Italian food tastes best when it arrives piping hot from the kitchen to a guest’s table. But, it’s hard to ignore the growth of consumer delivery requests and delivery options over the past few years.
Data from Statista shows that revenue from the online food delivery segment grew to more than $19.4 billion in 2019 and is projected to increase annually by 5.9 percent. Additional Statista research reports 73 million current users of restaurant-to-consumer delivery and 50 million users of platform-to-consumer delivery, with new users of platform-to-consumer delivery outpacing the former each year.
The increase in delivery is most noticeable with third-party delivery app signage appearing on restaurant doors across America and chain restaurants now testing delivery in small markets in preparation for system-wide delivery expansion.
So, what does this mean for an operator who is on the fence about delivery? The following tips and tricks can answer many questions as well as guide a new or seasoned operator toward delivery success.
If you have a new restaurant, Kiva Wenig, manager at Il Porcellino in Chicago, suggests focusing on in-house sales before expecting big delivery numbers. “It took us about two years of building of the restaurant face-to-face with our customers before our delivery picked up,” he says. “About a year and a half in, we started to see a high volume of delivery.” Il Porcellino now delivers an average of 60 orders per night using five third-party delivery companies, according to Wenig.
Before choosing which items will be on a delivery menu, it’s important to understand how they will hold up in a delivery situation. Giorgia Sinatra, marketing director at Pasta Sisters in Los Angeles and Culver City, California, suggests testing out your menu. “Before we started offering delivery three years ago, we tested all of our food to see how it held up in a container after five minutes, fifteen minutes and 20 minutes,” says Sinatra. “Pasta is very delicate and will change as the heat inside a container keeps cooking it; test everything before you decide to add it to your delivery menu.”
“Our fish, oysters and steak tartare are not included on our delivery menu,” says Mario Zeniou, operating partner of 800° Woodfired Kitchen in New York City, which has been offering delivery for six months. “We don’t include these items on the delivery menu because they don’t travel well and it’s better for our guests to have them in the restaurant.”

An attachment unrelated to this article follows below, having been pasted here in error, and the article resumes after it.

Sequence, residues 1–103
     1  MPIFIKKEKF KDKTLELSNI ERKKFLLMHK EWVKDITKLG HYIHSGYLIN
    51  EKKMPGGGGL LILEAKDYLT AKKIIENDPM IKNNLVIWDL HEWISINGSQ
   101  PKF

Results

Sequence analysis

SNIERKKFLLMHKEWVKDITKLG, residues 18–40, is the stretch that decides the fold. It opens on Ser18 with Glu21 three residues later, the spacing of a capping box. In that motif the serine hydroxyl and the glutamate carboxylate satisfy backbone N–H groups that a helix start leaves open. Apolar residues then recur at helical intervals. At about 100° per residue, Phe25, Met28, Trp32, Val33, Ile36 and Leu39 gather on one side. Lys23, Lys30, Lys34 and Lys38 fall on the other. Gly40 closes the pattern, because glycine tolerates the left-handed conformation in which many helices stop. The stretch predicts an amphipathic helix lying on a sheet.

Many operators begin with an abbreviated delivery menu, but find that adjustments must be made due to customer demand. “We started with a different menu, and the guest feedback we received was that they wanted everything as it was in the dining room,” says Wenig. “We created confusion with the guests when we modified things because they’d call and say the dish came with fries in the restaurant, and now it had broccolini with delivery. They wanted the French fries.”
If you don’t have in-house delivery already, and aren’t prepared to hire drivers and purchase insurance, a third-party service could be the fastest way to get started, keeping in mind that these services do have fees associated with them. The days of people calling a restaurant to place an order are fading away, according to Zeniou. “Everyone uses their phone apps to order,” he says. “They always go through a third-party.” Zeniou also says it’s very difficult to have your own delivery people in a large city like New York. “There’s no place to park and the insurance is very high,” he says.
Nancy Amato, owner of Fresh Mozzarella Pizzeria in Sarasota, Florida, says her pizzeria used to have its own delivery drivers until recently. “We decided to start using third-party delivery because we opened a new location and the third-party provider helps promote their partners,” she says. “They also have nice, professional, licensed drivers. We were finding it hard to hire drivers with the same level of service when we did delivery in-house.”